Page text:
The benefits of Corporates partnering Social Enterprise:
No Conflict of Interest:
Social Ventures have a mission of concentrating on social impact and carrying out business in a way does not create negative externalities, so when corporates partner with them to further social good, the objectives and roles can be clearly defined without redundancies or conflict of interest.
While for a commercial enterprise, sustainability or social missions are 'nice to have' but not central to the commercial mission of the organization, a Social Enterprise begins with a strategic focus on doing good in a long-term, sustainable fashion. For instance, a Social Enterprise geared towards creating and selling low cost solar devices across rural India will not pivot to targeting urban centers for a profit motive.
While CSR is often geared towards building positive public opinion to eventually improve brand value and profits, Social Enterprises are geared towards harnessing capital for public reform in sectors ordinarily ignored by commercial enterprise. The act of doing good is both a primary motive and a measure of success.
Maximizing the impact of Social Enterprise
Grants and access to funding can only take a social enterprise so far. To really excel in a competitive landscape, Social Enterprises require the business expertise and networks that enable successful organizations to thrive. By consolidating the efforts of SEs and Companies working on the same social issues, we can see better results.
Corporate Mentorship of Social Enterprise
The non-monetary support that corporates can offer in the form of advice, mentorship and introductions to business networks can be the very boost required to help Social Enterprises achieve genuine, inclusive growth in India. Globally, this movement is being spearheaded by several organizations such as the Skoll Foundation, the Melinda Gates Foundation, Intel and the DBS Foundation.
For instance, since 2014, the DBS Foundation has been advocating for and nurturing social enterprises in India. So far, they've provided financial, non-financial resources and business procurement opportunities to over 200 social enterprises. One such example is the DBS50 Programme, which harnesses the collective experience, skills, networks and leadership of DBS's senior management and the teams they assemble to offer continuous support to the social enterprises to build their capacity. In 2017 the DBS senior management will mentor their partnered social entrepreneurs over a year-long period so that by the end of June 2018, participating SEs would have developed in at least one of the three key areas – social impact, financial sustainability, and enterprise development.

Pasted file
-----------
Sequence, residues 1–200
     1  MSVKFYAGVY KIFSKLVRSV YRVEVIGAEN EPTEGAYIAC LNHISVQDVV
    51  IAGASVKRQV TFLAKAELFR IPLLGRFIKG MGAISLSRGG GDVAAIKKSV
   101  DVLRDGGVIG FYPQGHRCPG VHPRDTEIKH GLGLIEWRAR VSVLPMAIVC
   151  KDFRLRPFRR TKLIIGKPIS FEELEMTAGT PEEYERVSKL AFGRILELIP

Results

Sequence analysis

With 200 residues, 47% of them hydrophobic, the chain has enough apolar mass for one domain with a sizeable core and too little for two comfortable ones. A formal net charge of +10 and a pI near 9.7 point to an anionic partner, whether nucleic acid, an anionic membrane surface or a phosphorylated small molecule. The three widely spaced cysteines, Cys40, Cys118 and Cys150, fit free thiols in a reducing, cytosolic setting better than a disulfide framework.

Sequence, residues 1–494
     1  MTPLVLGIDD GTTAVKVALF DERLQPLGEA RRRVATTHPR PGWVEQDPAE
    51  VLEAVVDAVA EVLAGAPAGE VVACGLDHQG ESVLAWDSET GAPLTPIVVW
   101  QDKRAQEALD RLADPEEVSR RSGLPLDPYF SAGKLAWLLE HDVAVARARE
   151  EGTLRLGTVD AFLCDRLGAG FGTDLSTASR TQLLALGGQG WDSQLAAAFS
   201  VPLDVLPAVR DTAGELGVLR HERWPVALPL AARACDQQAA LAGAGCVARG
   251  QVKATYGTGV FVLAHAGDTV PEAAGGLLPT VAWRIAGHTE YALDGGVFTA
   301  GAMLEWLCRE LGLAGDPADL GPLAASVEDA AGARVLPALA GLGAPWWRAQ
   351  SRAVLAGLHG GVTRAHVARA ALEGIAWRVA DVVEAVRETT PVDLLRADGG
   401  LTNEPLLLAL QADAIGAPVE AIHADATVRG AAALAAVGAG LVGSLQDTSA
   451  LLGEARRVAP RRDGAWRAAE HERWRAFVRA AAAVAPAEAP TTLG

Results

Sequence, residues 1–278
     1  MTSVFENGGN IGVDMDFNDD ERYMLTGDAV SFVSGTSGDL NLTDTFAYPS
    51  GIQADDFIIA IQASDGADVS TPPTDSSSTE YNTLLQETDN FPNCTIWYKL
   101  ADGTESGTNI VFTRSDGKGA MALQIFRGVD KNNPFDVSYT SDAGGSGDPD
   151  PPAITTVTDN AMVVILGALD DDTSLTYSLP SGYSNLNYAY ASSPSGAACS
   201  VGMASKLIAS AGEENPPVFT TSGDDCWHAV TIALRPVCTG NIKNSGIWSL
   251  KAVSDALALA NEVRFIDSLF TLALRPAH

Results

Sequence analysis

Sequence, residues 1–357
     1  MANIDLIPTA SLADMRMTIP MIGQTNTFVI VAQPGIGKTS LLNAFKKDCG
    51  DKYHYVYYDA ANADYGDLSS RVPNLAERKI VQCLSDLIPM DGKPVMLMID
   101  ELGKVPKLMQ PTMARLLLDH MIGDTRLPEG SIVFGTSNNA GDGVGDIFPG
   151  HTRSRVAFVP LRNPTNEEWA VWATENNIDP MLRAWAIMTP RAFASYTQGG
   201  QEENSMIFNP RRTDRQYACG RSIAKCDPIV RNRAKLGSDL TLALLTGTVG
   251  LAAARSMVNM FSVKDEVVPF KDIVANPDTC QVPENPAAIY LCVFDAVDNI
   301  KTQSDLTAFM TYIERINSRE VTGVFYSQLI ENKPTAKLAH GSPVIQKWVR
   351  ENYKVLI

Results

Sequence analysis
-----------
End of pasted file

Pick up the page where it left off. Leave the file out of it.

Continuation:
Additionally, DBS Bank's partnership with TISS in India has incubated and grown several winning social enterprises including organic farms and urban waste- management amongst others.
A model worth emulating
While there are no simple answers to how it's growing affluence can translate to greater equality, corporate India can be flagbearers in creating sustainable models of development that engage with social issues in a systematic and structured manner without the shortfalls of leakage, changing governments and the ever-fluctuating benchmark of what it means to be poor in an growing economy.